Question: OK—you have questions about Mother Teresa. I agree with some of your reservations. However, she made Jesus famous in India as few have....Most evangelicals have a lot to learn from that if we are honest. | thebereancall.org

TBC Staff

Question: OK—you have questions about Mother Teresa. I agree with some of your reservations. However, she made Jesus famous in India as few have. I suspect that many dying Hindu’s cried out to the loving Jesus that she and her sisters presented in actions of love no one could deny. Most evangelicals have a lot to learn from that if we are honest.

Response: We have the choice to objectively evaluate the evidence or to ignore it. Evaluated by Scripture, Mother Teresa taught “another Jesus,” which will save no one: “Neither is there salvation in any other for there is none other name [than the biblical Jesus] under heaven given among men, whereby we must be saved”( Acts:4:12). 

We cannot honestly find any examples of Teresa speaking the truth of the biblical gospel. Rather, we can find numerous documented examples of her professing to help people become “better Muslims, Hindus,” etc. Either her words have no meaning, or they should be evaluated objectively in the light of Scripture. You say that you “suspect.” Is that the criteria by which we operate? Paul was “not ashamed of the gospel of Christ: for it is the power of God unto salvation to every one that believeth; to the Jew first, and also to the Greek” (Rom:1:16).

The “gospel” that Mother Teresa presented was powerless because it was incomplete. We have the testimony of her own words and actions. Mother Teresa wrote, “We never try to convert those who receive [aid from Missionaries of Charity] to Christianity but in our work we bear witness to the love of God’s presence, and if Catholics, Protestants, Buddhists, or agnostics become for this better men—simply better—we will be satisfied” (Mother Teresa, Life in the Spirit: Reflections, Meditations and Prayers, pp 81-82).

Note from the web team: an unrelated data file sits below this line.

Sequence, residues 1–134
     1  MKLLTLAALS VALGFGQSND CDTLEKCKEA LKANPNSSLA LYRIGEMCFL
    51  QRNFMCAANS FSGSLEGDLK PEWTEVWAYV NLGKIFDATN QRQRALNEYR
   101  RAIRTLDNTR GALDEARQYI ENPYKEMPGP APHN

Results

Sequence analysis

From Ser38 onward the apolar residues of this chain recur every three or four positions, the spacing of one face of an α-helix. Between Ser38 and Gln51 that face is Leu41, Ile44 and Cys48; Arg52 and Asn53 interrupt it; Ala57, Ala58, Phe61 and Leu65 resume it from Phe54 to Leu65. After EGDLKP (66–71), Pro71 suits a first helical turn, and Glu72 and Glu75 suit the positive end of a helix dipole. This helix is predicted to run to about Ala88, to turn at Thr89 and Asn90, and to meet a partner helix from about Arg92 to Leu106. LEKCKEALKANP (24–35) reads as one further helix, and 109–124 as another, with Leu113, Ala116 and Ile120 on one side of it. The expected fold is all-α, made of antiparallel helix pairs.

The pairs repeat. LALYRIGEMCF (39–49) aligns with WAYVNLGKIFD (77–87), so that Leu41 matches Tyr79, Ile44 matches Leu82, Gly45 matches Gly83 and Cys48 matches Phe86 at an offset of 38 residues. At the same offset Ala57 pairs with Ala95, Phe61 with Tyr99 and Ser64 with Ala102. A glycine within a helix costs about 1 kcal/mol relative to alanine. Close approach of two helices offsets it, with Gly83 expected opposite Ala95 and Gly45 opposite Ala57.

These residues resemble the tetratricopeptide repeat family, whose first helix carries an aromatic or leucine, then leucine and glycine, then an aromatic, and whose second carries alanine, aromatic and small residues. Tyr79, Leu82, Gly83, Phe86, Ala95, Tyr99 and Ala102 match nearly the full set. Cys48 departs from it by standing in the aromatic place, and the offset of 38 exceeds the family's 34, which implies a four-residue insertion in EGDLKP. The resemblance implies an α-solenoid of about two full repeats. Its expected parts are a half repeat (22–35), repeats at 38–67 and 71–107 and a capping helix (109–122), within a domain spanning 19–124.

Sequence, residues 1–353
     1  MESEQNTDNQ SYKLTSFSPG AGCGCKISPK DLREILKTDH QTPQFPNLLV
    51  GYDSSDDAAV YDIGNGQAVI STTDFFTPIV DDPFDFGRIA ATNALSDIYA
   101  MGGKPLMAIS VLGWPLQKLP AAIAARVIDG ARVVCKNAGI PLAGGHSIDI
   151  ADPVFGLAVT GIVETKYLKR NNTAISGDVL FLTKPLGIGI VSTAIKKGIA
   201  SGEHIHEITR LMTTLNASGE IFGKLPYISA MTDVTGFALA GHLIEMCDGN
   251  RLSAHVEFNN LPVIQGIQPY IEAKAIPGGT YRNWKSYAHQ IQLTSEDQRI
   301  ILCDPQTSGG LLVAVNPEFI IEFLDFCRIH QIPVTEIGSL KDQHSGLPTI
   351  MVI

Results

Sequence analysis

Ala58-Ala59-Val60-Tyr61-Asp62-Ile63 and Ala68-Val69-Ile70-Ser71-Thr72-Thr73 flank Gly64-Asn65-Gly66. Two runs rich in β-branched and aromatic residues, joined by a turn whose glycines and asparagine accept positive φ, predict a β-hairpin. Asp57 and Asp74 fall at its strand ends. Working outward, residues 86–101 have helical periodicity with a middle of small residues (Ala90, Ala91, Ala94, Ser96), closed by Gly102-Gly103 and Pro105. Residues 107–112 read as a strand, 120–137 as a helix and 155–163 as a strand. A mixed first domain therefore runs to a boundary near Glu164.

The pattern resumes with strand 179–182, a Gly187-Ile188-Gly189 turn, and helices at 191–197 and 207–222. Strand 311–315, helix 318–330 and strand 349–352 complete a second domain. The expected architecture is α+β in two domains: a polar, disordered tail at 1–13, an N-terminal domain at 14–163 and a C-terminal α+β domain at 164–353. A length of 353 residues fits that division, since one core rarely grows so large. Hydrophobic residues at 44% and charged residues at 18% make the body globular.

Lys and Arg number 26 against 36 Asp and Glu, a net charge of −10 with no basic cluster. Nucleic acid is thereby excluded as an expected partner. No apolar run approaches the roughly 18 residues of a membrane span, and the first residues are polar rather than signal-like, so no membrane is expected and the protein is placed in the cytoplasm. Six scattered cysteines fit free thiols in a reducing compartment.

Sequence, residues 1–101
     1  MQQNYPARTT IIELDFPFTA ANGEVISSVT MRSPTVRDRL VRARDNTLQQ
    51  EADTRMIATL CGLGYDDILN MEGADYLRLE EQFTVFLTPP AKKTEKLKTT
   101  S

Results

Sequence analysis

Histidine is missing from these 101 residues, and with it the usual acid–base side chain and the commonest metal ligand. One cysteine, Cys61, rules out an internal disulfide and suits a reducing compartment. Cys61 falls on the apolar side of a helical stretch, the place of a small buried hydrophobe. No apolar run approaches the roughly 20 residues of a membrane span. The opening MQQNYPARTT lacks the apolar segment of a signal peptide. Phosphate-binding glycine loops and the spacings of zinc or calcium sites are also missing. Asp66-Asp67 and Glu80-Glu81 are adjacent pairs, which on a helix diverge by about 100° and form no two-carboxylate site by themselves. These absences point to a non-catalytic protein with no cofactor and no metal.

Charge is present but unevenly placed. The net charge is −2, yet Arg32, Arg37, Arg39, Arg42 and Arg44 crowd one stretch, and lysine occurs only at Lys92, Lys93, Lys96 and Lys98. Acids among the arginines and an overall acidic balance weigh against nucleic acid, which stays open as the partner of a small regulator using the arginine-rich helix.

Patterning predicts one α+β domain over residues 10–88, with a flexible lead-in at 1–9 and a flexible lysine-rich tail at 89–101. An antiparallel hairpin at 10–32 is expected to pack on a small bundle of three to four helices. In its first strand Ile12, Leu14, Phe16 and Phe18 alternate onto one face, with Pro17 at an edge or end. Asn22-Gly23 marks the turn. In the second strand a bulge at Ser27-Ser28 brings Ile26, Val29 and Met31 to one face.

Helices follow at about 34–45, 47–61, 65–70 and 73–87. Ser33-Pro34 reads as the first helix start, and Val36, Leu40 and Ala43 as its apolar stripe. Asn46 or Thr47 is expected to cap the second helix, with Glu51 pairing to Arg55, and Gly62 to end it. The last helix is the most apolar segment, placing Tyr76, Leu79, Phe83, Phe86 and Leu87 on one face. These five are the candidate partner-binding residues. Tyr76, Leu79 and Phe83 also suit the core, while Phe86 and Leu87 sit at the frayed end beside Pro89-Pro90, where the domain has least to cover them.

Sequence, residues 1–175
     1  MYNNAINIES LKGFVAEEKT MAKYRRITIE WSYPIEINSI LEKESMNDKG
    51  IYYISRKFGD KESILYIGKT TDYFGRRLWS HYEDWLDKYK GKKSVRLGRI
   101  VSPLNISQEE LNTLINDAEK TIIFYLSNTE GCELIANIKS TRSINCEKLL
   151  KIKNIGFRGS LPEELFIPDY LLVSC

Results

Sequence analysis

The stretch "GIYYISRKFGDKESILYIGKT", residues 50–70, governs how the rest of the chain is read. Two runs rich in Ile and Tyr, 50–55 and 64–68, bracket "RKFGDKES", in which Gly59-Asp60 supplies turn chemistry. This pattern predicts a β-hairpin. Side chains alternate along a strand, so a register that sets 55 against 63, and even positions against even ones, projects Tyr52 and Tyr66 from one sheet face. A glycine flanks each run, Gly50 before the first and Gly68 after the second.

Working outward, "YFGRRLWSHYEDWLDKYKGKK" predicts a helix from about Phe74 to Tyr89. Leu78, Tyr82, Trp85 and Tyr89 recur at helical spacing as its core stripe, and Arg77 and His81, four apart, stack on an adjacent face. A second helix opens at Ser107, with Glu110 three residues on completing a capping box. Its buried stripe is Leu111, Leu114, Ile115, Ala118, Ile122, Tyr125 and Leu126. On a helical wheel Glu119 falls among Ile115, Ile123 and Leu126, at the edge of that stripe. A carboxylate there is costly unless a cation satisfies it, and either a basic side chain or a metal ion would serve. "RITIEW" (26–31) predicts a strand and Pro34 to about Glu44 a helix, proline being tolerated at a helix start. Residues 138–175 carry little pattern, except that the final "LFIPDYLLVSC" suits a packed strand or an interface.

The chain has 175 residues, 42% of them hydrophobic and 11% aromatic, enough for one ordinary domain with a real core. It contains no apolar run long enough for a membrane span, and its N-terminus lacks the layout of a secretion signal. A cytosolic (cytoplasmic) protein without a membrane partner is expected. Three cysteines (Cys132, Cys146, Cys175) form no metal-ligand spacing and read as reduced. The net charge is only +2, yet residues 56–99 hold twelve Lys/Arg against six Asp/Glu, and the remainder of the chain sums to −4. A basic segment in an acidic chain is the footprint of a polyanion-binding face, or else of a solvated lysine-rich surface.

In her poem “On Suffering,” Mother Teresa wrote, “He allows us to share in His suffering, And to make up for the sins of the world.” This is Catholic doctrine. It is not the biblical gospel. Was this what the inspired writer of Hebrews meant when he wrote of the One who, “offered one sacrifice for sins for ever...” (Heb:10:12)? Official Catholic doctrine denies that Jesus paid the full penalty for sin. This is what Mother Teresa believed.

Native Calcuttan Aroup Chatterjee wrote in his book Mother Teresa: The Final Verdict:

On 15 June 1995 she was touring the neonatal unit at St Elizabeth’s Medical Centre in Brighton, Massachusetts. Parents could not believe their luck when she left the babies (many of them premature) her blessings and her hallmark, an oval aluminum “miraculous” medal. She told the media, “I have 200 small babies in my hospital in Calcutta. This is a beautiful place” (Boston Globe, 16 June 1995). She, however, does not have any hospitals in Calcutta, nor anywhere else in the world (Aroup Chatterjee, Mother Teresa: The Final Verdict, Meteor Press, chapter 1).

We cannot do more than speculate about the impact of her works. What about the suffering of those denied painkillers because she believed “suffering was a gift from God” and efficacious in helping those suffering to enter purgatory? What about those defrauded of money that she refused to return? Is this the testimony that leads an individual to Christ?

Regarding examples, we have far greater ones in the ministries of Amy Carmichael, Dr. Paul Gupta (see God of the Untouchables), William Carey, Henry Martyn, etc.

As others have noted, “The primitive hospice in Calcutta was as run down when she died as it always had been—she preferred California clinics when she got sick herself—and her order always refused to publish any audit.”

May the Lord deliver us from Christian political correctness and may we never flee from truth. The stakes are too high for anything less.

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